The film industry worldwide is changing and a consistent growth will not happen without the proper systems and policies in place. Hollywood studios are reducing their product, although they are expected to lean more than ever on independent films. But film financing in general has taken a severe hit. Commercials are decreasing as reduced advertising budgets are stretched further into unconventional media such as the internet that is also now expected to play a significant role in film distribution. This is a shake up of the industry but not necessarily a negative one for those who understand that producers are now, more than ever, looking for better value for their money. Producers come to Malta because they want to pay Maltese and not foreign rates to their professional technicians. Flying in too many foreigners is not cost efficient.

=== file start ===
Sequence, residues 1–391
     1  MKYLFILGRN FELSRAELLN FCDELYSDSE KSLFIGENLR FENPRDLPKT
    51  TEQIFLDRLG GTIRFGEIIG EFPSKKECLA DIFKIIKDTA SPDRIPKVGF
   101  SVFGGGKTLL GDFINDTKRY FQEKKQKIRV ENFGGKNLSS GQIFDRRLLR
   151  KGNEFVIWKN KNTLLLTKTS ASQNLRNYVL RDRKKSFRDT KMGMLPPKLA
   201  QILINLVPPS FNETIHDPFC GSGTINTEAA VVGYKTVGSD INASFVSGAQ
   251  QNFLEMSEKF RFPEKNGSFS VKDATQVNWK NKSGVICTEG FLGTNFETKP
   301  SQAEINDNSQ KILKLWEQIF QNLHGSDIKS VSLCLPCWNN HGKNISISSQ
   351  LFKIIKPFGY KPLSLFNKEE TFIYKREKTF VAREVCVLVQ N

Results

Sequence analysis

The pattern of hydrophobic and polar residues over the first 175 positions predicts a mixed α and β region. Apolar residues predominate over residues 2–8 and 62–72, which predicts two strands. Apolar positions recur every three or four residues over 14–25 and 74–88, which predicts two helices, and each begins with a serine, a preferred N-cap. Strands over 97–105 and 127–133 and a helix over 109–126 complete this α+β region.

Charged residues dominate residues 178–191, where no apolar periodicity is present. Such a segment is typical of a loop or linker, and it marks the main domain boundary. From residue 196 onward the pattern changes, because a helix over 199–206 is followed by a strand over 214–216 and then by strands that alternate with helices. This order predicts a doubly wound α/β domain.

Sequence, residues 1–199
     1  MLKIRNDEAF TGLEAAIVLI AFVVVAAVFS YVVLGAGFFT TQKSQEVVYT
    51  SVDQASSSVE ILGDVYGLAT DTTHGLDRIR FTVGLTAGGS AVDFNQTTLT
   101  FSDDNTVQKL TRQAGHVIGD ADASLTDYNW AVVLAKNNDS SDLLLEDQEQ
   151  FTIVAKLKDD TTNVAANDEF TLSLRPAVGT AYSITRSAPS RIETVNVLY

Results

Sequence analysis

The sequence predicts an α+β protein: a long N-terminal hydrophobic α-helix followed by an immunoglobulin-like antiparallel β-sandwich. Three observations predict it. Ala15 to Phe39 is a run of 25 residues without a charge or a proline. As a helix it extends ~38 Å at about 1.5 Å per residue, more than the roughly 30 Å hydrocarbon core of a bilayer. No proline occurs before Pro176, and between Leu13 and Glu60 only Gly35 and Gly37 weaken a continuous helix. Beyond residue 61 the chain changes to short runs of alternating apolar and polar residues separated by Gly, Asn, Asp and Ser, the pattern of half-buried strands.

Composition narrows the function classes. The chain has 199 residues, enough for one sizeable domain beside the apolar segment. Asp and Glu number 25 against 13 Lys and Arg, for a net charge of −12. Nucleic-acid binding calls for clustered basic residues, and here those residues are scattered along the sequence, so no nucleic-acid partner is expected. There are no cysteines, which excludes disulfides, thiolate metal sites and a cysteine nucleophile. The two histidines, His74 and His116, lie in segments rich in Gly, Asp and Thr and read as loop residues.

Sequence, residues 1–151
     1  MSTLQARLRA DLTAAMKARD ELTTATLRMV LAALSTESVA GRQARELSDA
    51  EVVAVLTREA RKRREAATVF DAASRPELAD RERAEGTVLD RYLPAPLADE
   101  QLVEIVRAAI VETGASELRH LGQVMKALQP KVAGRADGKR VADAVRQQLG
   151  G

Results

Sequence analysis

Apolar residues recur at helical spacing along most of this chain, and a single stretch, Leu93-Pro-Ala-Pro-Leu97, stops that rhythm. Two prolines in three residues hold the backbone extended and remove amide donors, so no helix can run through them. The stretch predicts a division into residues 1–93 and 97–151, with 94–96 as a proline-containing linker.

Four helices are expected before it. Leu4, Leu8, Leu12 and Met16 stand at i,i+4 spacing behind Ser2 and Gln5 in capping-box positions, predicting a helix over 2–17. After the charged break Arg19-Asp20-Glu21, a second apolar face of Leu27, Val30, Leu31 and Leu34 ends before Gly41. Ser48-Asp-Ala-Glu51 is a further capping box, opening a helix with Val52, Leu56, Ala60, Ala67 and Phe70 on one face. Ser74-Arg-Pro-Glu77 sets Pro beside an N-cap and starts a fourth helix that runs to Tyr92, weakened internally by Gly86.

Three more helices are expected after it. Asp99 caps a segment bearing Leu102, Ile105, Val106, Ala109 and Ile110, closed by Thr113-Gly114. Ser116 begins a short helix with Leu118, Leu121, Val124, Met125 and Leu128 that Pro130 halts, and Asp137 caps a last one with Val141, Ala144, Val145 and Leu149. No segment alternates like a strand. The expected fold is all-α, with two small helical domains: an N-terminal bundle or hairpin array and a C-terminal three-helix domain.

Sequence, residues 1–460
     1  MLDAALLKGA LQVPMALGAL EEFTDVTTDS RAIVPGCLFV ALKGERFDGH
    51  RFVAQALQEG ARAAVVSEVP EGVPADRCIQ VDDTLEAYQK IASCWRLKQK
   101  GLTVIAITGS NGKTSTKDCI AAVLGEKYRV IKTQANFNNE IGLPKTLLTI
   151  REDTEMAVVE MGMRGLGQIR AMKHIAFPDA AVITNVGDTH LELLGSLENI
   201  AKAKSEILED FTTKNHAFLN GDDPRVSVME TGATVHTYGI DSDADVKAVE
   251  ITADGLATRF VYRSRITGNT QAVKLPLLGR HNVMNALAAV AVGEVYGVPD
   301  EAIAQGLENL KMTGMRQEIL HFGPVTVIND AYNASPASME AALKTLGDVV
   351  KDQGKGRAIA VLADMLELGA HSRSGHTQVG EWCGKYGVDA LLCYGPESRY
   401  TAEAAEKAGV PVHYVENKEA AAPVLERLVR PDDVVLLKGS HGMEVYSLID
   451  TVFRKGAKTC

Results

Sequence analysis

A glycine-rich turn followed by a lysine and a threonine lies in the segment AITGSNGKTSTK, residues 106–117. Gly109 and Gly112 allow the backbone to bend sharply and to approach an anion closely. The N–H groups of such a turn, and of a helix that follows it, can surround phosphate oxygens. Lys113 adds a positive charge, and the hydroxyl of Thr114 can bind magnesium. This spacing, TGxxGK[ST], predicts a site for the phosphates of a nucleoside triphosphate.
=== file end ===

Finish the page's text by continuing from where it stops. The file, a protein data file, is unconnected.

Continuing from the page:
The challenge today is to ensure the industry is geared for further growth. The understaffed MFC is doing sterling work in putting Malta in the international spotlight and coordinating producer's visits as well as administering the incentives. Although it does help in other areas, it is time to put a Development Plan firmly in action with its own dedicated full-time officer working in unison with the commission. This "extension" could cost as little as €30,000 annually for salary and overheads. Three years ago, the government paid twice this amount to receive a report about expanding this industry. It also paid half the amount for another report commissioned nine years ago.
Enough of studies and reports. It's time for action.